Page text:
Resolving and preventing duplicate content issues are key to improving your search rankings. Canonicalization is one of the solutions you can use immediately.
With a canonical tag, a webmaster is able to optimize a website easily in favor of presenting the preferred version of a piece of content – which inevitably allows for better indexing by search crawlers.
The definition of canonicalization is the process of using a canonical tag to specify the preferred URL for a web page to show visitors, where several copies or choices of the same web page exist. Through this process, search engines are able to determine that links to different versions of a single content should act as links supporting the selected canonical version, thus improving the content’s performance in the SERPs.
A canonical tag example looks something like this:
<link rel=”canonical” href=”http://example.com/page1/product”>
A 301 redirect is only used for a web page that has been moved to a new URL permanently. This will transfer any link juice powering the old URL to the new URL and also tell search engines to index the newly redirected URL instead.
A canonical tag is used in scenarios where multiple pages of the same content exist on the internet and you want search engines to know that the other versions are meant to supplement the canonical version. This in turn gives credit to the original content – not the non-canonical pages.
Not specifying a canonical tag for identical content will lead search engines to decide on their own which piece of content to index on their own, which may or may not be the best version of your content there is.
There may be scenarios where you have similar content spread across your website which may penalize your rankings if not optimized properly. Canonical tags will serve to sort duplicate content issues out and point crawlers in the right direction for ranking purposes.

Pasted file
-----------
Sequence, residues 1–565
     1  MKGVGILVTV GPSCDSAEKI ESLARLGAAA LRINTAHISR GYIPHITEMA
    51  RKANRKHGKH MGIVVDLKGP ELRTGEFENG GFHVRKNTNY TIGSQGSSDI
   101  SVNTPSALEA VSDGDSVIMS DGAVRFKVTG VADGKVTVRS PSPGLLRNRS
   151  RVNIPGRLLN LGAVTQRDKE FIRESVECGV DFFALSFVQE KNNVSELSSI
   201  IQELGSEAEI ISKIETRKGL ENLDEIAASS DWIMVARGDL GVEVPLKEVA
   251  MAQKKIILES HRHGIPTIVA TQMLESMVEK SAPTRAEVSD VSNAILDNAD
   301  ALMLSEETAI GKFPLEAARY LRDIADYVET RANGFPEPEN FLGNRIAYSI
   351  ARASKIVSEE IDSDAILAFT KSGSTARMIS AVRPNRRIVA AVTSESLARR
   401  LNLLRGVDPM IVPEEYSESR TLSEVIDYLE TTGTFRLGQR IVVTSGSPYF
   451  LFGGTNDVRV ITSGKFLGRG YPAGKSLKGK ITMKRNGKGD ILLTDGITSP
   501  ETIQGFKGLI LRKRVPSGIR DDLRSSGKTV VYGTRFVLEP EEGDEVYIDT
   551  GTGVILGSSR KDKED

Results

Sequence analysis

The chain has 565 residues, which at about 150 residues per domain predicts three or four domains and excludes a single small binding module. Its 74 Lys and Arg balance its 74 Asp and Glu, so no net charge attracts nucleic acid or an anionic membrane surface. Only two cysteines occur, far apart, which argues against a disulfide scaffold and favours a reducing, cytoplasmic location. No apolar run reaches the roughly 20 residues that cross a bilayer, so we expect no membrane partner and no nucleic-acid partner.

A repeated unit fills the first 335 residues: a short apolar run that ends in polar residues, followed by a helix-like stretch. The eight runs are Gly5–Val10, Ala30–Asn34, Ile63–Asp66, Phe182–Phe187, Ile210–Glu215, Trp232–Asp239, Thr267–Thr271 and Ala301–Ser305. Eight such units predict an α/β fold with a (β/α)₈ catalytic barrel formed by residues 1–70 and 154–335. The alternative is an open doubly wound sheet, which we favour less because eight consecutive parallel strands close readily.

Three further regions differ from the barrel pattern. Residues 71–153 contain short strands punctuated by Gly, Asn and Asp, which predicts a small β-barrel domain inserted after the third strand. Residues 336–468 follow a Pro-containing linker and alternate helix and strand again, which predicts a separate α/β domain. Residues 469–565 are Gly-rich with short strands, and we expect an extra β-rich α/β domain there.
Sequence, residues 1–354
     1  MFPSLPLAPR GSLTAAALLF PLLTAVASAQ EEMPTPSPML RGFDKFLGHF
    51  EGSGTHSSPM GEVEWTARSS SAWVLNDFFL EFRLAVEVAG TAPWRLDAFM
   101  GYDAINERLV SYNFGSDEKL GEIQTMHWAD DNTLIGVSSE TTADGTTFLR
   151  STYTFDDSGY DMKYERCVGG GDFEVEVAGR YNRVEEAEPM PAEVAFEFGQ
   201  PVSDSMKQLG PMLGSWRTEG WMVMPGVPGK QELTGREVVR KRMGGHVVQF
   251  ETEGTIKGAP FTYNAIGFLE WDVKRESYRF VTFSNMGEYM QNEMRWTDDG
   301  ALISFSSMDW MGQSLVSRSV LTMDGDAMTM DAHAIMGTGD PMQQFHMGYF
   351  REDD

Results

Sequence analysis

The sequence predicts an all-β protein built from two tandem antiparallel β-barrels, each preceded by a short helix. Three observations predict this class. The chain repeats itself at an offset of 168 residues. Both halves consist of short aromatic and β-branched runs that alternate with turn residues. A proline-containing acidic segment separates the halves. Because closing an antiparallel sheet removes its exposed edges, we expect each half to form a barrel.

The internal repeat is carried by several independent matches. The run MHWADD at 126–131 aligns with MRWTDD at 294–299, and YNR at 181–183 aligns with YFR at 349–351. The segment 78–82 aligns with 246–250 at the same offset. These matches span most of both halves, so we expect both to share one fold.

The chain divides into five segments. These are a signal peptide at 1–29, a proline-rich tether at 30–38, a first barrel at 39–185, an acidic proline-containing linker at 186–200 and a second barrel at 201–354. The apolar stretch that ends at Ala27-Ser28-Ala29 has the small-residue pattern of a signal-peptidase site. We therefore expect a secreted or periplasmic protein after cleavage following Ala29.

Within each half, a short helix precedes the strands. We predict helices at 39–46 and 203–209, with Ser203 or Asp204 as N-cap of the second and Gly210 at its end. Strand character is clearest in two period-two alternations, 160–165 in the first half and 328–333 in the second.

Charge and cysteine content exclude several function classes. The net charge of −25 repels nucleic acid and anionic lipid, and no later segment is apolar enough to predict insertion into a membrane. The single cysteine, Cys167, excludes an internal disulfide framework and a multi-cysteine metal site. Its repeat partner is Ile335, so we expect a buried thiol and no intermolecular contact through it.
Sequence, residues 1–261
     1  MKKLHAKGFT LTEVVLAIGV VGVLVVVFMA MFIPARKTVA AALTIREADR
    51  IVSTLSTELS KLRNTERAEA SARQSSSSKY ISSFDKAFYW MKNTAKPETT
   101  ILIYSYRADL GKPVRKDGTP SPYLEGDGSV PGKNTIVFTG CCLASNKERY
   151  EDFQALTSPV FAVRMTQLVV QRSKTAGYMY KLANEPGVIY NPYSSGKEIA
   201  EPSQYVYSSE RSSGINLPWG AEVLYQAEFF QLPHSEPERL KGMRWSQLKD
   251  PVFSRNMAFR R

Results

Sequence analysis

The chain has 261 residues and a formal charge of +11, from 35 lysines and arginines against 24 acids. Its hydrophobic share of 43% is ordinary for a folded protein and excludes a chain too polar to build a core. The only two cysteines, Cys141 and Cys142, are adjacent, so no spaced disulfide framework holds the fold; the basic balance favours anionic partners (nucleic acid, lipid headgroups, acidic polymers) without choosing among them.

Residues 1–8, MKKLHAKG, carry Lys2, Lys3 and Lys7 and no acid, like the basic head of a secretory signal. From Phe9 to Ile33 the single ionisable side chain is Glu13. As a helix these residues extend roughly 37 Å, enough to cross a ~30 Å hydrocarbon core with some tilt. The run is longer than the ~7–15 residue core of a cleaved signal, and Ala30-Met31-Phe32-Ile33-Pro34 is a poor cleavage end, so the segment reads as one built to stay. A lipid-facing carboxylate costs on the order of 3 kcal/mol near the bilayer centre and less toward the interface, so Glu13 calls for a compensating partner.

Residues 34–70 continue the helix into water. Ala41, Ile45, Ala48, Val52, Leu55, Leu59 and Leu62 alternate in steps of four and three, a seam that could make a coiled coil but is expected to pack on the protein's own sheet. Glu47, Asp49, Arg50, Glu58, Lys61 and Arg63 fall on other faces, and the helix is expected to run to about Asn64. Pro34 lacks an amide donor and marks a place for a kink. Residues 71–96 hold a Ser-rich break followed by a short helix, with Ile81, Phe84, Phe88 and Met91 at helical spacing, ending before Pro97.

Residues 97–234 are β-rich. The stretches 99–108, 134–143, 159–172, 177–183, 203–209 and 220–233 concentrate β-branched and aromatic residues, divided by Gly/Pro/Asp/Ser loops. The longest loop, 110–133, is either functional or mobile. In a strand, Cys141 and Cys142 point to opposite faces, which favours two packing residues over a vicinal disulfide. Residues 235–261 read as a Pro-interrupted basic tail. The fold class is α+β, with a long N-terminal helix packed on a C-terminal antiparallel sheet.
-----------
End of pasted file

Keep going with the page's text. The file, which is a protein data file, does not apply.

Here are some common scenarios where canonical tags are used for SEO:
When you have 10 users logged into your e-commerce site at one time, and 10 URLs of the same product page are generated due to individual session IDs, you want those tags in place to prevent duplicate content penalization.
For example: your domain is http://example.com and you have two subdomains https://www.example.com and http://www.example.com. You can use canonical tags within those subdomains to specify that http://example.com is the main domain for indexing, and that any link juice granted to these subdomains should support the main domain only.
To make sure your website does not get penalized due to duplicate content, you will need to use canonical tags to let search engines know that the content featured on both mobile and desktop are similar.
Using canonical tags in a scenario like that will help ‘explain’ to search crawlers that category URLs generated all point back to the same page, which will also help with directing any backlinks to the original content.
To start adding canonical tags to your web pages, you should:
Every optimization step taken goes a long way in your SEO. Use canonical tags and get those duplicate content issues sorted for better ranking in search results.